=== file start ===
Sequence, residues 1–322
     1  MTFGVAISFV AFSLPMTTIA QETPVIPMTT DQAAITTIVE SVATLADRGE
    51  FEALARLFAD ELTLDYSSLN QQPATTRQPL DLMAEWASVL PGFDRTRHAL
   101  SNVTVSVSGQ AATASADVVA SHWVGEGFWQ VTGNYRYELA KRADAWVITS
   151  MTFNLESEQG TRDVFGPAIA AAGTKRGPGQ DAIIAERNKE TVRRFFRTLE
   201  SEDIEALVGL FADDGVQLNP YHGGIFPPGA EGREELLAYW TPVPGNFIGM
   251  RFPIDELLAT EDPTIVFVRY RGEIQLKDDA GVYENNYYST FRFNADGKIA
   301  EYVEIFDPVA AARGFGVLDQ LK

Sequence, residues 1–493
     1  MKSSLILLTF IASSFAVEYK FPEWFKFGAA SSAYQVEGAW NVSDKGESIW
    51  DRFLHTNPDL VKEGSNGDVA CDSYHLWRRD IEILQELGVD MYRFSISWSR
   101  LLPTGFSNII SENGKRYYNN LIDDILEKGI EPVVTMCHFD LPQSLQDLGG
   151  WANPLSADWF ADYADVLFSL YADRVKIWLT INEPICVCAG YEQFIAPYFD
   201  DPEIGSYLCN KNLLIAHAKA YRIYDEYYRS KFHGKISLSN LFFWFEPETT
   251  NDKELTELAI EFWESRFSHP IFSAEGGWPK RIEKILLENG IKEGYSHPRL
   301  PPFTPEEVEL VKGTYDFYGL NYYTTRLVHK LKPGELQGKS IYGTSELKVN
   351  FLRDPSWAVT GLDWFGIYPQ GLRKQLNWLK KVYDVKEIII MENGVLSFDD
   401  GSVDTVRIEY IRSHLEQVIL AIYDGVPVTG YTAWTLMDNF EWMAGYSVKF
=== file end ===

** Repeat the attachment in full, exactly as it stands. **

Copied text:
Sequence, residues 1–322
     1  MTFGVAISFV AFSLPMTTIA QETPVIPMTT DQAAITTIVE SVATLADRGE
    51  FEALARLFAD ELTLDYSSLN QQPATTRQPL DLMAEWASVL PGFDRTRHAL
   101  SNVTVSVSGQ AATASADVVA SHWVGEGFWQ VTGNYRYELA KRADAWVITS
   151  MTFNLESEQG TRDVFGPAIA AAGTKRGPGQ DAIIAERNKE TVRRFFRTLE
   201  SEDIEALVGL FADDGVQLNP YHGGIFPPGA EGREELLAYW TPVPGNFIGM
   251  RFPIDELLAT EDPTIVFVRY RGEIQLKDDA GVYENNYYST FRFNADGKIA
   301  EYVEIFDPVA AARGFGVLDQ LK

Sequence, residues 1–493
     1  MKSSLILLTF IASSFAVEYK FPEWFKFGAA SSAYQVEGAW NVSDKGESIW
    51  DRFLHTNPDL VKEGSNGDVA CDSYHLWRRD IEILQELGVD MYRFSISWSR
   101  LLPTGFSNII SENGKRYYNN LIDDILEKGI EPVVTMCHFD LPQSLQDLGG
   151  WANPLSADWF ADYADVLFSL YADRVKIWLT INEPICVCAG YEQFIAPYFD
   201  DPEIGSYLCN KNLLIAHAKA YRIYDEYYRS KFHGKISLSN LFFWFEPETT
   251  NDKELTELAI EFWESRFSHP IFSAEGGWPK RIEKILLENG IKEGYSHPRL
   301  PPFTPEEVEL VKGTYDFYGL NYYTTRLVHK LKPGELQGKS IYGTSELKVN
   351  FLRDPSWAVT GLDWFGIYPQ GLRKQLNWLK KVYDVKEIII MENGVLSFDD
   401  GSVDTVRIEY IRSHLEQVIL AIYDGVPVTG YTAWTLMDNF EWMAGYSVKF